I have been so calmed & uplifted just now by the visit with my North Country sangha1 this morning. The sangha is one of the “three treasures” of Buddhism, along with the Buddha & the Dharma. It is not impossible, but it is very difficult, to practice Zen outside the context of a sangha.
My friendsÂ came just before ten, we sat fifteen minutes of zazen, our dogs being remarkably & unusually quiet, then they went out & stacked our firewood for two hours in the pouring rain. After that samu,2 they came in again & we drank tea together. Doesnâ€™t sound like much, you say? I cannot even begin to express how precious this contact with my fellow Zen students is at this time in my life. At any time, yes, it would be lovely; but given my pain & the lethargy that follows pain, the transformation of mind / heart / body I feel right here right now is almost unbelievable. One is not used to medicines that work so quickly & dramatically & to such good effect.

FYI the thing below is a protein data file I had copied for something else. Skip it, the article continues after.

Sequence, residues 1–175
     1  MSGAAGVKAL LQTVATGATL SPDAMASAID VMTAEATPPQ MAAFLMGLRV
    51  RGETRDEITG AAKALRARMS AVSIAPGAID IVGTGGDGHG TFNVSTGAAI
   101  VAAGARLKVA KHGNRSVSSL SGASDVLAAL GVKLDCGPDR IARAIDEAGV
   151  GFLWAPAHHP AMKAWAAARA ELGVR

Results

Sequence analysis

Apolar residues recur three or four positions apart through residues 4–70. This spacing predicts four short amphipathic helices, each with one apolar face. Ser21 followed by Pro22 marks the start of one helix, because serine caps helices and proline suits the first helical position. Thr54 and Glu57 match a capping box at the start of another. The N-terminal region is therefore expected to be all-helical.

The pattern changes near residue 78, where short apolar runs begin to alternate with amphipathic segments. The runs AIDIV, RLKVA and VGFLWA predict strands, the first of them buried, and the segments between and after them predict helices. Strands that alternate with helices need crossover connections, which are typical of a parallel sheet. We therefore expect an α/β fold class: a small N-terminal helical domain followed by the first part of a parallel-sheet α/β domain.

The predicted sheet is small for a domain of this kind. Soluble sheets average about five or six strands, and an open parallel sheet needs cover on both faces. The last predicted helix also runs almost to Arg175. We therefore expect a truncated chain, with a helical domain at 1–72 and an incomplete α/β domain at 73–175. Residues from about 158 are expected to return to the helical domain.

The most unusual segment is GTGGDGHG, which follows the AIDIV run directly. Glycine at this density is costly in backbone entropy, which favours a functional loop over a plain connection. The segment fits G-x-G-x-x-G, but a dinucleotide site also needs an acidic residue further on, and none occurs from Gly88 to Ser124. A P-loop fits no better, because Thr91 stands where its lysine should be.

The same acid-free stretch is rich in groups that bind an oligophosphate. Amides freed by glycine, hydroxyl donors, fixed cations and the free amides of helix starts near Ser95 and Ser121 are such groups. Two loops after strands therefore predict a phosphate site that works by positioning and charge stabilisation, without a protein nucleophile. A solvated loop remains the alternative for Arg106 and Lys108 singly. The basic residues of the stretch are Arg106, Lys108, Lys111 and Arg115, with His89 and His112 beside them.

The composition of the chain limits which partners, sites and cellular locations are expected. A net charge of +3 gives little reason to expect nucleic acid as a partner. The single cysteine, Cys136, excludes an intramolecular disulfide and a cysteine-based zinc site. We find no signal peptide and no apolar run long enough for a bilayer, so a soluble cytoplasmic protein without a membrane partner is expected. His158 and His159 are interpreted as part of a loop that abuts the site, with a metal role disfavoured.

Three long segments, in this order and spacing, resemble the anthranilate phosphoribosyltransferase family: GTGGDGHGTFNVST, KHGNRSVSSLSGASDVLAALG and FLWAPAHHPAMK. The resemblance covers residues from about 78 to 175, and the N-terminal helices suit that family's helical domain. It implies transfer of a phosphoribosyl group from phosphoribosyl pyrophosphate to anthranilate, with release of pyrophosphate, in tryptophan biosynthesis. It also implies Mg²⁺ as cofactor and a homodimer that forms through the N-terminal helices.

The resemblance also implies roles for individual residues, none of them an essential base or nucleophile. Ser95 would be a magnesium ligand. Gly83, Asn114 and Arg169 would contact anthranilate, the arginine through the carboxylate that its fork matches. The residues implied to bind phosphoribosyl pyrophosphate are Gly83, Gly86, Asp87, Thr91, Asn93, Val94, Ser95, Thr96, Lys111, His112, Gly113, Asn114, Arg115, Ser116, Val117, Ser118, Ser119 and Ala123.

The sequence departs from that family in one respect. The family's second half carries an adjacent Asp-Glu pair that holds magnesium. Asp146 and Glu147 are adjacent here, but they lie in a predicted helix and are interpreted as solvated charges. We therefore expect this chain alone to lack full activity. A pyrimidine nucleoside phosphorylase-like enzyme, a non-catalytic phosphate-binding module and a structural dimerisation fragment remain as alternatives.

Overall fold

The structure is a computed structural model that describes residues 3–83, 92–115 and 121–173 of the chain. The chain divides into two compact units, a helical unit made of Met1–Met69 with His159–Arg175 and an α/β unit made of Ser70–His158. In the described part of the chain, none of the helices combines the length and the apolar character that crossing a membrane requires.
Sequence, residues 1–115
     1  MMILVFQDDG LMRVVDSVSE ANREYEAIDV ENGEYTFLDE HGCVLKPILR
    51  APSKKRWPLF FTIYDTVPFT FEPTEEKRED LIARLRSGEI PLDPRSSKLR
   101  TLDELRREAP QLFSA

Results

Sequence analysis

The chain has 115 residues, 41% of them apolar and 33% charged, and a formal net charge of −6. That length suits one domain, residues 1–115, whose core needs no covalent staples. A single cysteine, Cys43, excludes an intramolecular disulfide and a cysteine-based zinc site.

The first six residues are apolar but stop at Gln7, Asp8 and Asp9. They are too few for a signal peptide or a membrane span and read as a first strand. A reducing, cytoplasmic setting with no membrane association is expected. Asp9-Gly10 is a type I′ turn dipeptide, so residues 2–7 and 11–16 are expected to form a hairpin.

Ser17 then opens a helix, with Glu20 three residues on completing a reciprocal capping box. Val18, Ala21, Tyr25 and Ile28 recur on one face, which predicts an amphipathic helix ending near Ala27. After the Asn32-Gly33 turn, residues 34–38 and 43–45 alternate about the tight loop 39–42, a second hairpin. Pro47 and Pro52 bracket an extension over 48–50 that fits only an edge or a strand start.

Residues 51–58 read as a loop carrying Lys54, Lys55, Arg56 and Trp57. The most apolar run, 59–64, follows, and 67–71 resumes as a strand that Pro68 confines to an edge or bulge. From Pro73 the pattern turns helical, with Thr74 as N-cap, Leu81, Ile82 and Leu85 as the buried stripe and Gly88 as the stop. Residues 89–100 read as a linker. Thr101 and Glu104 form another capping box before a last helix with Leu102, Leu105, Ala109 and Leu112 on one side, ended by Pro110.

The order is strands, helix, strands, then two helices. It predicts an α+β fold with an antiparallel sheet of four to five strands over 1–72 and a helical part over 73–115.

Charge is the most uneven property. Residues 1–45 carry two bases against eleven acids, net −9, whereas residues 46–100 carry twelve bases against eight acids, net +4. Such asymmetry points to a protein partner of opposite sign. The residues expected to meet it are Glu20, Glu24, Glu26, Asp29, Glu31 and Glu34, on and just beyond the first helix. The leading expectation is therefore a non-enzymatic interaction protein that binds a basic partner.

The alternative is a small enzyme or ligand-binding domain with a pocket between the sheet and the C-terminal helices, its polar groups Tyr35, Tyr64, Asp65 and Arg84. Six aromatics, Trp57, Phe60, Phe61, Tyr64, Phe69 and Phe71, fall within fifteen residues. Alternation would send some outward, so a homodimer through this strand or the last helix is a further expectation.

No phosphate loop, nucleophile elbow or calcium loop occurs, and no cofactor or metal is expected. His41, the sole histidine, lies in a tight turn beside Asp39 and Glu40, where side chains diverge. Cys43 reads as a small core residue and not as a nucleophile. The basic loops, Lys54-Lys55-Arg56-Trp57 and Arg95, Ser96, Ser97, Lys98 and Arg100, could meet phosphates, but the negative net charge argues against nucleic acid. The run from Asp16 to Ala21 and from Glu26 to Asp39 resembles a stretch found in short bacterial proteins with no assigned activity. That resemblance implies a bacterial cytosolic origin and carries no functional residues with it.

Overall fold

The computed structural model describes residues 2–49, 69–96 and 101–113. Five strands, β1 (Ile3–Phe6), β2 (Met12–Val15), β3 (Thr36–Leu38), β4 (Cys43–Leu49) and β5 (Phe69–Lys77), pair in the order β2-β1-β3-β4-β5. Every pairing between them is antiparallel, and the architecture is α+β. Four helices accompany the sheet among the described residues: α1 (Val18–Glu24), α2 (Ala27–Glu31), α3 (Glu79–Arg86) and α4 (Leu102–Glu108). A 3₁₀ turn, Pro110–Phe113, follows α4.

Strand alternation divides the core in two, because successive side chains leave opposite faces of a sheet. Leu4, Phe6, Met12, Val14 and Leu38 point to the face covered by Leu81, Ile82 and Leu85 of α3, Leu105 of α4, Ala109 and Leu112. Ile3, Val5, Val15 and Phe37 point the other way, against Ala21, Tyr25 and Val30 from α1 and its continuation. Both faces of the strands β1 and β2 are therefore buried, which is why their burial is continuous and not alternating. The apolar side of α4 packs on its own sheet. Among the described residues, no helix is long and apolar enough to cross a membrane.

- Sangha (Pali: à¤¸à¤™à¥à¤˜ saá¹…gha; Sanskrit: à¤¸à¤‚à¤˜ saá¹ƒgha; Chinese: åƒ§ä¼½; pinyin: SÄ“ngjiÄ; Tibetan: à½‘à½‚à½ºà¼‹à½ à½‘à½´à½“à¼‹ dge ‘dun) is a word in Pali and Sanskrit meaning “association”, “assembly,” “company” or “community” and most commonly refers in Buddhism to the monastic community of ordained Buddhist monks or nuns. ↩
- Samu (ä½œå‹™ samu?) refers to physical work that is done with mindfulness as a simple, practical and spiritual practice. Samu might include activities such as cleaning, cooking, gardening, or chopping wood. Samu is a way to bring mindfulness into everyday life as well as to get things done. Samu is popular in Zen monasteries, particularly as a means of maintaining the monastery and as practicing mindfulness. ↩